Euphoria Over End To Sanctions Masks Supreme Tension
Iran’s president has won the world over to lifting sanctions. His diplomatic victory is being repaid with death threats and arbitrary arrests as the clash between hardliners and reformists builds toward next month’s election.
AFTER NEARLY TWO years of tense diplomatic activity, President Hassan Rouhani has fulfilled his key electoral pledge and returned Iran to the international stage. His biggest battle lies far closer to home.
The deteriorating economy – and its repercussions on the country’s political stability – was a powerful incentive behind Iran’s decision to put an end to the nuclear stalemate.
The sharp drop in oil prices has hit the Treasury hard. The 2015-2016 budget was based on an assumption of $70 a barrel – already tricky as the country needs $130 to balance its budget. The tumble to $30 has caused a severe budget deficit and liquidity crisis.
In 2013, the incoming Rouhani administration’s improved economic management and enthusiasm in business circles sparked by the interim nuclear agreement tamed inflation and pulled the country out of recession, with 3% growth in 2014. Now, Iran has quasi-null growth (between -0.5 and +0.5%).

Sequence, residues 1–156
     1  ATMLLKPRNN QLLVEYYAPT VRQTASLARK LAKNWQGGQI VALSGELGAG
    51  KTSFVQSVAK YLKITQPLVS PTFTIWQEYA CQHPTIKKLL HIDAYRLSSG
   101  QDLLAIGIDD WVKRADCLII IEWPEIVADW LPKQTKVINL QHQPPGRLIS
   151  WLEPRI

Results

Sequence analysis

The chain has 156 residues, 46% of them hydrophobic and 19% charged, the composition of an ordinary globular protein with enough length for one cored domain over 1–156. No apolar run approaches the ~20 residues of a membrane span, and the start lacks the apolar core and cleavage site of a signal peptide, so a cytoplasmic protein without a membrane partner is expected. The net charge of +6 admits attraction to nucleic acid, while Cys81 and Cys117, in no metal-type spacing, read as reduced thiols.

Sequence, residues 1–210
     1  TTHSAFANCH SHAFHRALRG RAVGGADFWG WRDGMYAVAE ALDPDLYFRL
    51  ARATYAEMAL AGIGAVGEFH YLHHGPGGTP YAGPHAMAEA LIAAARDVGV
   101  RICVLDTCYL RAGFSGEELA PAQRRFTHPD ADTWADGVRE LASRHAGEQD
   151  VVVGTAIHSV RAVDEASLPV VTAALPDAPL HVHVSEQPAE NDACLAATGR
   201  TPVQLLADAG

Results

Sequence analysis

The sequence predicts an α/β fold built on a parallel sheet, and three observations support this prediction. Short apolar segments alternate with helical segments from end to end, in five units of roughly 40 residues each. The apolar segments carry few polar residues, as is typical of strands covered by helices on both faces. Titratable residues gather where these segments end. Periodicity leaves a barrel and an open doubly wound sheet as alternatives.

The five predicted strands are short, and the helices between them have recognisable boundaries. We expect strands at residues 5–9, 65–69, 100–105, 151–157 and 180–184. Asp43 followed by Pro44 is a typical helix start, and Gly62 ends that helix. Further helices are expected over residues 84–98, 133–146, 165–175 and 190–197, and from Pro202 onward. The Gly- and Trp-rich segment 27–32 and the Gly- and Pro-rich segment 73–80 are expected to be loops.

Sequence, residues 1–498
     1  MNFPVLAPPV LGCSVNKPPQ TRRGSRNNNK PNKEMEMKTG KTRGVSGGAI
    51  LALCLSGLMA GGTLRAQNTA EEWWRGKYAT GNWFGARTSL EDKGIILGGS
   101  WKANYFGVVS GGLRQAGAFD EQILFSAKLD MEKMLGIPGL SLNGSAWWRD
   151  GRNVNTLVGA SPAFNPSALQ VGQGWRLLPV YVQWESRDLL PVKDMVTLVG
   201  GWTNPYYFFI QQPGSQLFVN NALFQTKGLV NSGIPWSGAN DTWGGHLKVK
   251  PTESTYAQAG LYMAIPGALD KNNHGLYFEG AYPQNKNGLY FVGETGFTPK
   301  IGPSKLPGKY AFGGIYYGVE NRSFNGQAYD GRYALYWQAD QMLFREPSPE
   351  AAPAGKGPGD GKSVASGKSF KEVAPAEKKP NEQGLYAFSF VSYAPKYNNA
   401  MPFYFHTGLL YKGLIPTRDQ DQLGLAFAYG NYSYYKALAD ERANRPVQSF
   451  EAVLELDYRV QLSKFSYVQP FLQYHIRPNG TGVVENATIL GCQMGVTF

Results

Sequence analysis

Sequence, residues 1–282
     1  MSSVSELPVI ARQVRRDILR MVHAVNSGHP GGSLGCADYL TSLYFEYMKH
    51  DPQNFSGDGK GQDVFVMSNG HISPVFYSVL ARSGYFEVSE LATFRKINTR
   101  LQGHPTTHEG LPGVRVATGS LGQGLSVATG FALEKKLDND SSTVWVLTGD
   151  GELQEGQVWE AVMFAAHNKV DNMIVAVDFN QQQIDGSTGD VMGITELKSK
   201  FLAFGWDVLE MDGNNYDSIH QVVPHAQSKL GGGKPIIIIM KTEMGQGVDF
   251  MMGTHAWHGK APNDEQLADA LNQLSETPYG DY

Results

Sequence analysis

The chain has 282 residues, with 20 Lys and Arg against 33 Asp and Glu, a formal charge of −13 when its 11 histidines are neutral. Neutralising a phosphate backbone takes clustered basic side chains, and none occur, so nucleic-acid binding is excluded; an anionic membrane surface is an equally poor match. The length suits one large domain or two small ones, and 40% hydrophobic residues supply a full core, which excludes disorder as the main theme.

The Central Bank of Iran confirmed the current economic stagnation in December, while disclosing in a report that the government owed it $8 billion and a further $34 billion to the banking sector. The government had been unable to finance 90% of the development projects in the 2015-2016 budget, the CBI wrote. Private investment in the manufacturing and industrial sector had fallen by 23%.
The malaise has forced the closure of thousands of industrial manufacturing plants throughout the country. Non-oil imports have fallen by 22% since March last year and non-oil exports by 11%, Iran’s Customs reported.
One perverse effect of the expected lifting of sanctions is that consumers have been saving their spending for better quality foreign products.
Unemployment is a serious concern, reaching 48% among Iran’s population under 30 years old, according to the Mehr news agency.
Against this background, the expected unfreezing of Iran’s foreign assets will have little impact. While the agreement has led to an incessant flow of business delegations, major new foreign investment, which the country desperately needs to upgrade its big industries and improve its economic situation, will be slower.
Tehran has dismantled its nuclear program faster than expected, with the lifting of sanctions positive for Rouhani’s political allies in legislative elections on Feb. 26. Voters will also select members of the Assembly of Experts, the institution in charge of choosing the next Supreme Leader.
Testifying to the importance of these votes is the unprecedented high number of registrations – more than 12,000 for the 290-seat Parliament and 801 for the 88-member Assembly of Experts. It is not only a strong signal that elections do matter in Iran, but also that the elite is cognisant this could bring about a potential power shift and restrain the conservatives’ power, at least in Parliament.